Maize Farmers in Uganda to Benefit from Four New Varieties Tolerant to Moderate Drought Stress

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Contact: Nancy Muchiri (n.muchiri@aatf-africa.org: +254 20 4223700/254 735 992 206)

ENTEBBE, Uganda, May 22, 2014 – Farmers in Uganda now have higher chances of increasing maize yield even in the light of predicted drought conditions due to climate change, after the release of four new conventional drought-tolerant maize hybrids.

The Ministry of Agriculture through its National Variety Release Committee has approved the release of the hybrids WE2101, WE2103, WE2104 and WE2106. This is in addition to two hybrids WE2114 and WE2115 released last year.  The hybrids will be sold under the trade name DroughtTEGO™ and once commercialized; farmers can expect a yield increase of between 20-35 per cent compared with commercial hybrids released in 2008.

The hybrids are developed by the Water Efficient Maize for Africa (WEMA) project, a public-private partnership dedicated to delivering drought-tolerant and insect-pest protected seed to smallholder farmers in Sub-Saharan Africa. The Kenyan-based African Agricultural Technology Foundation (AATF) coordinates the project.

Last year, Kenya commercialized one of the DroughtTEGO hybrids, the WE1101 and farmers who planted it harvested substantial yields in January 2014. Among 39 sites in Western Kenya initially surveyed by AATF, DroughtTEGO resulted in an average harvest of 4.5 tons per hectare, more than double the national average of 1.8 tons per hectare in Kenya.

“After a six-year development process, we are very encouraged by the results of the first DroughtTEGO harvest,” said Denis Kyetere, executive director of AATF.  “The WEMA partnership is an excellent example of what can be accomplished when public and private organizations work together for a common good, providing powerful new tools to help farmers overcome climate change challenges and increase food production.”

These results demonstrate the power of advanced breeding tools to help the farmers of Sub-Saharan Africa, an area that is prone to drought and facing increased crop volatility due to climate change.  More than 90 percent of smallholder farmers in Africa depend solely on rainfall to maintain their crops.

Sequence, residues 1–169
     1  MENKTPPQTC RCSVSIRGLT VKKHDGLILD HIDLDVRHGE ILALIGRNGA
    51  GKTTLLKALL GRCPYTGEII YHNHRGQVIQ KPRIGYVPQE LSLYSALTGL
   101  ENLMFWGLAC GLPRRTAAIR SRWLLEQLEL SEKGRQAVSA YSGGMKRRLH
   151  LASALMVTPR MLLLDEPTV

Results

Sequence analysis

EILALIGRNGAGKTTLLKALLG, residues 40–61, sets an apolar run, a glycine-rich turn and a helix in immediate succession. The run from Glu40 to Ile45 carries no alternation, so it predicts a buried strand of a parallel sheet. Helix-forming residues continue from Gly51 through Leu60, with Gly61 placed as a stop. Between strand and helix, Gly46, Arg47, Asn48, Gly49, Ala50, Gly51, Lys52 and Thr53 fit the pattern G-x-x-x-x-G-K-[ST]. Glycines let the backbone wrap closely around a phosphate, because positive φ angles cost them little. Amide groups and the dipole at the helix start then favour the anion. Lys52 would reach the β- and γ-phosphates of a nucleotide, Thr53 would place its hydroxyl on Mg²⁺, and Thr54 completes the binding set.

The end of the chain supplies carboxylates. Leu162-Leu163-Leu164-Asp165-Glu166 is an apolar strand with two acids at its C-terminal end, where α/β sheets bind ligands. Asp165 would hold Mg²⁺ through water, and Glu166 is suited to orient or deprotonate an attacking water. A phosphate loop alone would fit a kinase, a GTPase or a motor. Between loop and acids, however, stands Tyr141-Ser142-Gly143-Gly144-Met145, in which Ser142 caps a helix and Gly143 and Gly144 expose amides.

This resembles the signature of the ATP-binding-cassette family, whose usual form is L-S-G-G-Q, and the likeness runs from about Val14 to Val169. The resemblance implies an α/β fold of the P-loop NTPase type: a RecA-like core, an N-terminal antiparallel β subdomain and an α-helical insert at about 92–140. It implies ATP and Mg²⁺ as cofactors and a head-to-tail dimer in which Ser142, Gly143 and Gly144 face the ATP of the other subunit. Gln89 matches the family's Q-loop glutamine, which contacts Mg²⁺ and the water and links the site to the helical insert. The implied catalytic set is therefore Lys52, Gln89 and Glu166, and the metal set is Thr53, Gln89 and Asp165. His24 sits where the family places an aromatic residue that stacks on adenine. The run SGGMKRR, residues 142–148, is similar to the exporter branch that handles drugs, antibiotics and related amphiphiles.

More than five seed companies in Uganda have applied for sub-licenses to increase the production of the seed so as to enhance the availability for purchase by farmers in the next seasons.

“I planted the ‘TEGO’ seed last season and they (other farmers) always ask where did you get this seed. I need this seed. I want to plant it,” said Bertha Otor, one of the farmers in Western Kenya who planted the WE1101 TEGO during the short rains in October to December 2013.

“We are seeking the best ways to obtain greater seed production, distribution and use, so WEMA is working with private seed companies to deliver at least 10,000 metric tonnes of certified seeds produced from at least 25 conventional drought tolerant hybrids within the next four years,” says Dr Sylvester Oikeh, the WEMA Project Manager.

To date, a total of 25 DroughtTEGO hybrids have been approved for commercialization in Kenya, Tanzania and Uganda. More than 30 new hybrids have been entered into the final phase of variety registration in the five participating WEMA countries (Kenya, Uganda, Tanzania, Mozambique and South Africa) for potential release by 2015.

About WEMA (http://wema.aatf-africa.org/)

Water Efficient Maize for Africa (WEMA) is a public/private partnership led by the Kenyan-based African Agriculture Technology Foundation (AATF), and involving Monsanto, CIMMYT, and five National Agricultural Research Systems (NARS) in Uganda, Kenya, Tanzania, Mozambique and South Africa. The objective of the project is to improve food security and rural livelihood among smallholder maize farmers in Sub-Saharan Africa by developing new drought-tolerant and insect pest-protected maize hybrids. WEMA provides the technology royalty-free to all African seed companies for deployment to smallholder farmers.  WEMA helps build technical breeding and biotechnology capacity as well as seed systems in Africa. After six years of development, smallholder farmers in Kenya saw promising results from the first WEMA hybrid (WE1101, which is an improved new conventional white maize hybrid being sold under the brand name DroughtTEGO™) harvested in early 2014. WEMA is funded by the Bill and Melinda Gates Foundation, the Howard G. Buffett Foundation and USAID.

About AATF (http://www.aatf-africa.org)

The African Agriculture Technology Foundation (AATF) is a not-for-profit organisation establihed to access, develop, adapt and deliver appropriate agricultural technologies for sustainable use by smallholder farmers in Sub-Saharan Africa through innovative partnerships and effective stewardship along the entire value chain. AATF provides expertise and know-how that facilitates the identification, access, development, delivery and utilisation of appropriate agricultural technologies. AATF works towards food security and poverty reduction in Sub-Saharan Africa, and its structure and operations draw upon the best practices and resources of both the public and private sectors. AATF is a registered charity under the laws of England and Wales and has been given a tax-exempt status in the USA. It is incorporated in Kenya and in the UK and has been granted host country status by the Government of Kenya where it is headquartered and is registered as a charity in Nigeria.

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